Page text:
The court next examined the approach that had been taken by the UT. In view of Kamara v SSHD [2016] 4 WLR 152, decisions of the present character made by the fact finding tribunal are “broad evaluative decisions”. Furthermore, in Fage UK Ltd v Chobani UK Ltd [2014] EWCA Civ 5, Lewison LJ explained the caution to be exercised by appellate courts in interfering with evaluative decisions of first instance. Overall, his Lordship distilled the following points from the jurisprudence of the House of Lords and Supreme Court, (i) the expertise of a trial judge is in determining what facts are relevant to the legal issues to be decided, and what those facts are if they are disputed, (ii) the trial is not a dress rehearsal, it is the first and last night of the show, (iii) duplication of the trial judge’s role on appeal is a disproportionate use of the limited resources of an appellate court, and will seldom lead to a different outcome in an individual case, (iv) in making decisions the trial judge will have regard to the whole of the sea of evidence presented whereas an appellate court will only be island hopping, (v) the atmosphere of the courtroom cannot, in any event, be recreated by reference to documents, including transcripts of evidence, and (vi) thus even if it were possible to duplicate the role of the trial judge, it cannot in practice be done. In view of these points, McCombe LJ held that:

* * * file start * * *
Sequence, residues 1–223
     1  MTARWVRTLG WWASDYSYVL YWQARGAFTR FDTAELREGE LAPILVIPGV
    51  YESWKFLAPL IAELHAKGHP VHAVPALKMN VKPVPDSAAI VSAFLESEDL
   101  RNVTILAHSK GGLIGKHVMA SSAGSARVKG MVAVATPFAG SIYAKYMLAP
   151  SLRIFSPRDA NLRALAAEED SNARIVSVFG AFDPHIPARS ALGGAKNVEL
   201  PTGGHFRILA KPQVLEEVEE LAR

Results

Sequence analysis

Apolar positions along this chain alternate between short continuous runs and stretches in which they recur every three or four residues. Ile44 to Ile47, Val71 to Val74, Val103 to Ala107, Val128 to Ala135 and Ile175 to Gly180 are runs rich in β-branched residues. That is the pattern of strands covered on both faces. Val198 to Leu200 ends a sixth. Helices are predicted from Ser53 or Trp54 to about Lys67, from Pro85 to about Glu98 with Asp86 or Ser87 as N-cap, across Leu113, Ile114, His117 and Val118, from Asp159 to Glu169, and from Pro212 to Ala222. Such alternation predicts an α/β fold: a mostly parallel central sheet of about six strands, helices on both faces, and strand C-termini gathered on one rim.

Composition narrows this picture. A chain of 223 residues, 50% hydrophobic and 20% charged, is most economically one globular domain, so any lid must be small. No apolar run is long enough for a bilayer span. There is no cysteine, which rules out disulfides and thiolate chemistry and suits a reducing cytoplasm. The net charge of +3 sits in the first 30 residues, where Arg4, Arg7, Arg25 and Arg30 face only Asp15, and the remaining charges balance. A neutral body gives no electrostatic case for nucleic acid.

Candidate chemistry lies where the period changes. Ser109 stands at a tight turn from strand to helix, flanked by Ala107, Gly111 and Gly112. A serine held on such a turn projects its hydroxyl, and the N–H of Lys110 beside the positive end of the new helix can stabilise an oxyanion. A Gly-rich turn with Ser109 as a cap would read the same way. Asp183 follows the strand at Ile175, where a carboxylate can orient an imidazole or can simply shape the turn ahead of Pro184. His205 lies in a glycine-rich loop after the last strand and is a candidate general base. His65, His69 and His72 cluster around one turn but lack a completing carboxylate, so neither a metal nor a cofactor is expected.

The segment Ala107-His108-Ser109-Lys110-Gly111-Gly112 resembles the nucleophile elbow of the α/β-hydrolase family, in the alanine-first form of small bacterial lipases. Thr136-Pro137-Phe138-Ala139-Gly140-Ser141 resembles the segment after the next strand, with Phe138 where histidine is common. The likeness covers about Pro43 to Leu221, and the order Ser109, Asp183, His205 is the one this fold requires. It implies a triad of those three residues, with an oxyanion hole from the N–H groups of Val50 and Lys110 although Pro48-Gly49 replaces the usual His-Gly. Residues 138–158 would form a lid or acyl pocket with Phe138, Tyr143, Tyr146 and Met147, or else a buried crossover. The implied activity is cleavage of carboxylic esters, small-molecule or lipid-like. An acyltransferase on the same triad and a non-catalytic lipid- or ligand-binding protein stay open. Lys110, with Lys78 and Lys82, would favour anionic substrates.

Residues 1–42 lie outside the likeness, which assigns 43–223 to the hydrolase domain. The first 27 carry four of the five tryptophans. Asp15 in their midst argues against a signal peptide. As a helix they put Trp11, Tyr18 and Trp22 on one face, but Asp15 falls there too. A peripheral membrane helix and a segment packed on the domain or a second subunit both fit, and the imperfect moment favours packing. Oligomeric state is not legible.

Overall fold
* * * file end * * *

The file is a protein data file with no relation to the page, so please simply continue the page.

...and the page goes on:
30. In this case, the FTT had determined the issues that were before it, being those which were regarded as being central to the question of whether the Appellant had demonstrated the relevant “very significant obstacles”. It was not necessary for the FTT to deal with a case that was not being made by the Respondent. The appeal to the FTT was “the first and last night of the show”, not a “dress rehearsal”.

31. Equally, it is to be recalled that judgments at first instance are necessarily an incomplete impression made upon the judge by the primary evidence. 

The FTTJ had reached the conclusion that he did on the issues raised and he expressed himself succinctly on them.